The food was all pretty good. My only real gripe is that the food was not particularly authentic, apart from the Beijing duck and the dumplings. The Ma Po beancurd and Kung Pao chicken was not spicy enough and was clearly missing some of the key ingredients that are used in China, although was perfectly edible. The chilli beef was a huge disappointment. As often seems to happen in this country, the beef was deep-fried and covered in a scary looking orange sauce, which was supposed to be chilli-based. This is a very westernised version and is nothing like as good as the original, which is dried spicy beef stir-fried with chilli and is utterly mouth-wateringly delicious.
A wide range of drinks were available, including wine and Chinese beer. I stuck to water, but the others had wine and Tsingtao beer. We also had Chinese tea, which was complimentary (I dont think it is usually).
Apart from the fact that they had lost my booking, I couldnt fault the staff. Our waitress was attentive, polite and very pleasant; nothing was too much trouble for her and she looked like she was genuinely happy to serve us. She and the other waitresses all looked beautiful in cheongsams.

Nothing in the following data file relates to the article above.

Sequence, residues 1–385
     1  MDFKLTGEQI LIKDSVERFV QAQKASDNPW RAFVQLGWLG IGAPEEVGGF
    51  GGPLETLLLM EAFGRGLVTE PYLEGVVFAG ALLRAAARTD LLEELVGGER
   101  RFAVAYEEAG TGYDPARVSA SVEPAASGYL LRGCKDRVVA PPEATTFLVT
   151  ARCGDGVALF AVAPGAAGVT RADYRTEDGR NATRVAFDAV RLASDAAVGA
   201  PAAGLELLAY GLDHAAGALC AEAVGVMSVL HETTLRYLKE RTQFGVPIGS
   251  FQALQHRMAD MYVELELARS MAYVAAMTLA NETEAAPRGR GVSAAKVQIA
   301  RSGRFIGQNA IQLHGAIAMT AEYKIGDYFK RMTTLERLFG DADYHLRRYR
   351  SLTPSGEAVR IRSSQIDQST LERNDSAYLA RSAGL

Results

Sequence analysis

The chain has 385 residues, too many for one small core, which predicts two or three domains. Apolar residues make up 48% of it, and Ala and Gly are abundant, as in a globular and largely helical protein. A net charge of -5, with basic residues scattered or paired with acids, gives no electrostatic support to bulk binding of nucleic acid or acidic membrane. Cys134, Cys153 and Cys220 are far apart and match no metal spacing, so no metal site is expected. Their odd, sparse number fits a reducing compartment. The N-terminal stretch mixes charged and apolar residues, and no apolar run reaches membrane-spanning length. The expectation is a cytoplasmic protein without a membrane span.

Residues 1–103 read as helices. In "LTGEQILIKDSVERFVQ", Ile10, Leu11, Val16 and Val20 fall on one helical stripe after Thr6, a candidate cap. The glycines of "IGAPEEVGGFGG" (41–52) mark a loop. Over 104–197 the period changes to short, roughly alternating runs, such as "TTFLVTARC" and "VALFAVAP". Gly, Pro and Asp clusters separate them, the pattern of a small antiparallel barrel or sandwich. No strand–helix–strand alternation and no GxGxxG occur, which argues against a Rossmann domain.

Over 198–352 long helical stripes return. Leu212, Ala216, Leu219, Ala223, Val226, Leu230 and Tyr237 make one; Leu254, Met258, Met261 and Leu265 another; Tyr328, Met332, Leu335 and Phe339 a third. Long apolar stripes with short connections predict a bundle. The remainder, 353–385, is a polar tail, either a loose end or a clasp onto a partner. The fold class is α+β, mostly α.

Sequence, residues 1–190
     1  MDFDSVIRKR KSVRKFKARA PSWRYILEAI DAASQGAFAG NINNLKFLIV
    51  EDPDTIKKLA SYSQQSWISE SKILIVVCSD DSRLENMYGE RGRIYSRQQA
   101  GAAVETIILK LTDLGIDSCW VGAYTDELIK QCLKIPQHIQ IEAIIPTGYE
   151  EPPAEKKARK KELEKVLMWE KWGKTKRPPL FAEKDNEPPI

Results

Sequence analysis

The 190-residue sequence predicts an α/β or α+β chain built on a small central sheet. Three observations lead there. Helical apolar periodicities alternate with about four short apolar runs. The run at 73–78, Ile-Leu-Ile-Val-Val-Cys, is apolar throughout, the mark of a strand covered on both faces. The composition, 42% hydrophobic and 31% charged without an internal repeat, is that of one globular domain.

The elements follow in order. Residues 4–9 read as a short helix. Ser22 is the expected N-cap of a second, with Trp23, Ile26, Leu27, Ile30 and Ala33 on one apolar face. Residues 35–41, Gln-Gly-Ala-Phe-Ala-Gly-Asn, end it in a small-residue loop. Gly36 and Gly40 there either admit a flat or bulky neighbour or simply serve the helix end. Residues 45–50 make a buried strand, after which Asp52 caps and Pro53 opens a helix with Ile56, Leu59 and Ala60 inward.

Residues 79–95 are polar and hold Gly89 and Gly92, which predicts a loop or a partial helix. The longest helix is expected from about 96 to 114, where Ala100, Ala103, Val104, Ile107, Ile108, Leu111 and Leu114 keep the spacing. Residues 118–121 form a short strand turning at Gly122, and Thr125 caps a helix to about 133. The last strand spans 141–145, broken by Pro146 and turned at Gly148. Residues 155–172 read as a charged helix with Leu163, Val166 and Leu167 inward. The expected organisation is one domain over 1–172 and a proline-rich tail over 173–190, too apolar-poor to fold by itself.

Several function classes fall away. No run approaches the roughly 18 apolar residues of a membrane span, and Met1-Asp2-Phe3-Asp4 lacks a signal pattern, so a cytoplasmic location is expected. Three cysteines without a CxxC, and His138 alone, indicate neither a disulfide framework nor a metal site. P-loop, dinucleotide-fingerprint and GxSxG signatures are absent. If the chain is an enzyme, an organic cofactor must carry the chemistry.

I was very impressed. It cost us 120 pounds for five people, which included more than enough food, and worked out at just under 25 pounds each. Two of us werent drinking though, so this did help to keep the price down.
My only real gripe with this restaurant was the lack of authentic food. However, my friends thought it was delicious and for a Chinese restaurant in London, it actually wasnt too bad. I was initially annoyed that they had lost my booking, but as the restaurant is large and there was plenty of room, it wasnt really a problem.
Our room was right next to the toilets, which was a convenience rather than anything else. The toilets were immaculate, like the rest of the restaurant. We were also next to a room hired by a group of girls celebrating a hen night with the help of a karaoke machine! This, surprisingly, hardly affected us at all; the only time we heard anything was when the girls came in and out. The sound-proofing was obviously excellent.
There are definitely better Chinese restaurants to be found in London, but this wasnt by any means a bad choice and I probably would go back if I wanted somewhere nice to take a guest. If you happen to be in theatre land and want somewhere reasonably cheap at short notice, this would definitely be a good choice there is no shortage of table space here. Recommended.